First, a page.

clipped from: Associated Press
George Bush fervently defended U.S.-style free enterprise Thursday as the cure for the world's financial chaos, not the cause
- not to crush global growth with restrictive new rules
- government intervention is not a cure-all,
- not be more government smarter government."
- acknowledged that governments share the blame for the severe economic troubles
- tougher accounting rules
- more modern international financial institutions.
- Don't disturb capitalism.
- voices from the left and right are equating the free enterprise system with greed, exploitation and failure,"
- "But the crisis was not a failure of the free market system. And the answer is not to try to reinvent that system."
has authorized former Iowa Rep. Jim Leach and former Secretary of State Madeleine Albright to represent him.
others are advocating a broader overhaul of financial regulations than Bush wants. The Europeans also want a pledge for concrete changes in just 100 days.
The stated goal of G 20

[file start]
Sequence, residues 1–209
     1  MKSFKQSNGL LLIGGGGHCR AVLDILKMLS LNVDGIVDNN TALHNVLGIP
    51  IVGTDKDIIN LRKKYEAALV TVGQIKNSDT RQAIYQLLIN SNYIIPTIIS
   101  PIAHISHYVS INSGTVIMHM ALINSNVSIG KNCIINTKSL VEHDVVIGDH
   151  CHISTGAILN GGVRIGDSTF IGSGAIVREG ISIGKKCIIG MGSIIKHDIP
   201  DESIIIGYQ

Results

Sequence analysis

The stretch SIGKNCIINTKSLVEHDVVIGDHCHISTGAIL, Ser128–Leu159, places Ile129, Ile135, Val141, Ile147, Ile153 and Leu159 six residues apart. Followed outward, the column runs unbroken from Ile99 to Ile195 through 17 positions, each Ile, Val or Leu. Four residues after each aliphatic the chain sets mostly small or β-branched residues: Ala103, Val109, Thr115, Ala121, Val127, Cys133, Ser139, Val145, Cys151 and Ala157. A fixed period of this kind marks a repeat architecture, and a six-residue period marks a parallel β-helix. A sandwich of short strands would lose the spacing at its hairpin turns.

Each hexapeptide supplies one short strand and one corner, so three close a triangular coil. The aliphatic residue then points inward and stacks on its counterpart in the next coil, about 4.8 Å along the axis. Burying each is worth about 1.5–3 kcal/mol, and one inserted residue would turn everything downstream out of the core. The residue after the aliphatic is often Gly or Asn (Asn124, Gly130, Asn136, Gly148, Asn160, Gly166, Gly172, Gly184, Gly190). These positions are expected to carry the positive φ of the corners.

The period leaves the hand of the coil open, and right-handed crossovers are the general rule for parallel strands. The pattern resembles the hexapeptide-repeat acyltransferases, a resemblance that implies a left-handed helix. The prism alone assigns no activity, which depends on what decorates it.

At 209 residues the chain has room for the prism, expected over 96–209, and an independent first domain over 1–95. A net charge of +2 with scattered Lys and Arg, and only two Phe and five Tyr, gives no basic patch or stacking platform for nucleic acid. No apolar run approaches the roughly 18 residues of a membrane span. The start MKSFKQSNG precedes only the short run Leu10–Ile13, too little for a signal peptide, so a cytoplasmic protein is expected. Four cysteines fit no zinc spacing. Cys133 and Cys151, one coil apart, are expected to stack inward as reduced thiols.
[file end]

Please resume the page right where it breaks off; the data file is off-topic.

- examine the causes of the crisis and begin mapping out principles for a response.
- "There is a need for urgency.
- he defended his administration against charges from some leaders that insufficient oversight and regulation in the U.S. contributed to — even caused — the mess
- say no one was minding the people's business as the housing market plunged, credit markets ground to a halt and the broader financial system went into distress.
_Bolstering accounting rules for stocks, bonds and other investments so investors have a clearer sense of the true value of what they buy.
_Requiring "credit default swaps" — a type of corporate debt insurance — to be processed through a central clearinghouse. That would help provide crucial information on the parties involved in these complex, unregulated products.
_Taking a fresh look at rules aimed at preventing fraud and manipulation in trading of stocks and other securities.
_Better coordinating financial regulations among countries.
_Giving more countries voting power at the International Monetary Fund and the World Bank.
Argentina, Australia, Brazil, Britain, Canada, China, France, Germany, India, Indonesia, Italy, Japan, Mexico, Russia, Saudi Arabia, South Africa, South Korea and Turkey. Those countries and the European Union make up the so-called G-20
Australian Prime Minister Kevin Rudd
- a system in which executives of financial firms are rewarded for maximizing risk "cannot be sustained."
The labor leaders are calling for
- re-regulation of global financial markets,
- an internationally coordinated fiscal stimulus and
- balanced economic growth to address income inequality.